SXSW 2020: FINDING YINGYING: A Heartbreaking Portrait Of Loss & Grief

In many ways Shi ‘Jenny’ Jiayan and Zhang Yingying had lots in common. Both attended Peking University in 2016, before moving on to the University of Illinois in Champaign a year later. Both were a fish out of water, inexperienced in American culture, trying to adapt to this new life and follow their passions. There were so many parallels between these two young women that it would be surprising to know they never met, until you learn that the University of Illinois has the highest Asian population in America.

So when Yingying went missing in June 2017, Shi volunteered to assist with the search, documenting the journey along the way. What follows is a quietly devastating, inimitably haunting look at a fractured family desperately trying to find some solace amid the horror scenario that no doubt every parent fears.

FINDING YINGYING: A Heartbreaking Portrait of Loss and Grief
source: Kartemquin Films

Shi spends most of Finding Yingying following the close-knit Zhangs; an ordinary, unassuming family from Nanping who travel to America for the first time to find Yingying and bring her home. None of the Zhangs speak English, so most of the translating is done by both Shi and Yingying’s boyfriend Xiaolin as their search widens to encompass the entire Asian community of Champaign and beyond. What may seem like a classic True Crime story to begin with then quickly shifts into a more sombre, meditative piece as we spend time getting to know Yingying through diary excerpts read by Shi that reveal her to be a bright, articulate young woman with a positive outlook on life and big plans for her future.

Those diary excepts, coupled with a wealth of archival footage of Yingying, build a picture of who this woman was before she went missing. These moments are crucial to the story because, as we get to know Yingying better, we also see the devastation her disappearance has wrought on her family. It’s bone-chillingly effective and opens the door for the viewer to fully invest in the search, which plays out in real time – giving it an even more immediate, pulse-pounding feel.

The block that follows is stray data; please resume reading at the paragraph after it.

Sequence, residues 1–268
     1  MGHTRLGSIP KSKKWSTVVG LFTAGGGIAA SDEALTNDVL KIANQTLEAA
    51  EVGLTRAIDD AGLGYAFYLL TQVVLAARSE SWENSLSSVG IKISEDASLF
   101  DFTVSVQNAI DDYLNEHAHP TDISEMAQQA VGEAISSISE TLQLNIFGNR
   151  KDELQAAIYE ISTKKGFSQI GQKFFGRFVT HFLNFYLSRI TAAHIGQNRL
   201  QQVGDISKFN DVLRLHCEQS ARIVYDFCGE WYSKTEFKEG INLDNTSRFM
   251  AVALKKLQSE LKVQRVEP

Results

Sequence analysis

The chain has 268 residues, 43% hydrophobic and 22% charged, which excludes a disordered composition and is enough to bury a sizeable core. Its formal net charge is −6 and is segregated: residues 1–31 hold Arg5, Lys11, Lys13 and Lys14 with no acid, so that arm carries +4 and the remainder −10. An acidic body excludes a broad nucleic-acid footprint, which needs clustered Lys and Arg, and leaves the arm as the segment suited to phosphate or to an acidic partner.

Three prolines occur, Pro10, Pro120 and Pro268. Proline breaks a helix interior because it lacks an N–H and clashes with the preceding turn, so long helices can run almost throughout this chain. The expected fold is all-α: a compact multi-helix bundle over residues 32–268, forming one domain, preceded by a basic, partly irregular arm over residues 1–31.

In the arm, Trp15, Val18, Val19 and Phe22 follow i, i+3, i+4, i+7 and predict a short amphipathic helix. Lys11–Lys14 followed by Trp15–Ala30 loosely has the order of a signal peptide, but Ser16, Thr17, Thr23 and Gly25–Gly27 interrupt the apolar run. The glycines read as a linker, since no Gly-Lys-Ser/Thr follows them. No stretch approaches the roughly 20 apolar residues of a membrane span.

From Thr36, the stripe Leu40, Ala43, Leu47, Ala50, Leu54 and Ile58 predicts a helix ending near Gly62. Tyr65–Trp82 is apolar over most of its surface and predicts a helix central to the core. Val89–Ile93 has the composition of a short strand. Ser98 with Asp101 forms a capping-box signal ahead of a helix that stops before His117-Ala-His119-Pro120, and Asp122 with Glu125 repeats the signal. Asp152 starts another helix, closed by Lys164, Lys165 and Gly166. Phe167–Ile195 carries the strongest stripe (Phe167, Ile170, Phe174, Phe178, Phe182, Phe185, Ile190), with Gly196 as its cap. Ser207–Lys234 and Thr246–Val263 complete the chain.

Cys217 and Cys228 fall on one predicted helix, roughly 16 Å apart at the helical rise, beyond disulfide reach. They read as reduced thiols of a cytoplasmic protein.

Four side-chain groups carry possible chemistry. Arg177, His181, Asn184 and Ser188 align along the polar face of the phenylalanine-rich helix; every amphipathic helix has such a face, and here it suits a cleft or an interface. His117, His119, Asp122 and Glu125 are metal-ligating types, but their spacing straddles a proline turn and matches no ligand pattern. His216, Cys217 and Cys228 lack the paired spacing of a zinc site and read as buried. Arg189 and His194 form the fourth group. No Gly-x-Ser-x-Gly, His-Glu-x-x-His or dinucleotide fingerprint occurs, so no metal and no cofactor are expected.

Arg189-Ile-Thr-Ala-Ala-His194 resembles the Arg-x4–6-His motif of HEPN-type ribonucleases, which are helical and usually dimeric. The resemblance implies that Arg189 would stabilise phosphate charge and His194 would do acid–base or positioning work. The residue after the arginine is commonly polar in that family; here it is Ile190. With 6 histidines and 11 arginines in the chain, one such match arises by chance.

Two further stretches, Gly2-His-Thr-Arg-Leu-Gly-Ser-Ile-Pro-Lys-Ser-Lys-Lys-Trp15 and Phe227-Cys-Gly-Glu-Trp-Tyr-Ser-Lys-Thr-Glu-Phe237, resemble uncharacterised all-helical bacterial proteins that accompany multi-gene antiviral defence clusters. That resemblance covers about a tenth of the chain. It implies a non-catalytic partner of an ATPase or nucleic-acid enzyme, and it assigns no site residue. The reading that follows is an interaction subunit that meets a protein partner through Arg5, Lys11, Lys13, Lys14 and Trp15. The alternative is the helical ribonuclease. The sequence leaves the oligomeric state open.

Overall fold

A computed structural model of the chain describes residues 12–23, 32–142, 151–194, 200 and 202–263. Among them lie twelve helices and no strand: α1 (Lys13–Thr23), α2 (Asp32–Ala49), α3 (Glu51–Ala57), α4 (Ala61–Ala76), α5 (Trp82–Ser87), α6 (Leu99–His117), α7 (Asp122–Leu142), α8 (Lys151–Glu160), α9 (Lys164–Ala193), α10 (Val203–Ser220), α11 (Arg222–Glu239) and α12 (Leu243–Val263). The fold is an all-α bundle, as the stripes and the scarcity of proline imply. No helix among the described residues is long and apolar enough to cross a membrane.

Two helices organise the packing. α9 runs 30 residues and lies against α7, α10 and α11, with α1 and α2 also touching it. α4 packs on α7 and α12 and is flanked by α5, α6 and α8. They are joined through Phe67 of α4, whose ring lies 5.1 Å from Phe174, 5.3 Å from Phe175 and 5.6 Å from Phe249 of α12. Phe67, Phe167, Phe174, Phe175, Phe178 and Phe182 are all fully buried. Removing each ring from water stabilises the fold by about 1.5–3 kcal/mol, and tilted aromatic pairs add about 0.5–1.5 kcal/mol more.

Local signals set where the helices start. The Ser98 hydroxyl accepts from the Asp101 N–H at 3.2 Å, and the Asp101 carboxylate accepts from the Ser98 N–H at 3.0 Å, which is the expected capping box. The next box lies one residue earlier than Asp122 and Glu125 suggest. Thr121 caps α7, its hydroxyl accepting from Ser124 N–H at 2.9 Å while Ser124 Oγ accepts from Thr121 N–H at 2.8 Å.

‘Life is Too Short To Be Ordinary’

While the first third of Finding Yingying is centred on the eponymous Yingying herself, the narrative slowly – and insidiously – begins to shift: Yingying finds herself in a culture far less connected to one another than she expected. Diary excerpts show her frustration with the lack of community to be found in America, and as viewers we become well aware of her vulnerability in amongst a culture more concerned with survival and self preservation than forging bonds.

Life is too short to be ordinary, she asserts in her diary, with the kind of passion we’ve come to expect. Shi manages to get hold of CCTV footage of Yingying on the last day she was seen, mixing this in amongst news footage to create a slow, creeping sense of dread; we know Yingying to be a positive, upbeat, likely trusting young woman, and we know how easily that can be taken advantage of.

Once the revelations come thick and fast – and the truly shocking ones are saved for the last moments, where your jaw is likely to hit the ground in disbelief – the pace is slowed and the suspense cut. This could be seen as a mistake by some: a truly gripping thriller in the vein of, say, Making a Murder, would keep the suspense building and building in a bid to keep the viewer hooked, but Shi has a different idea. Far more devastating than any revelations about Yingying’s fate is watching the family attempt to find solace and closure in a world they don’t understand and in capturing this, Shi is masterful. She follows the family back to China where they attempt to continue their lives.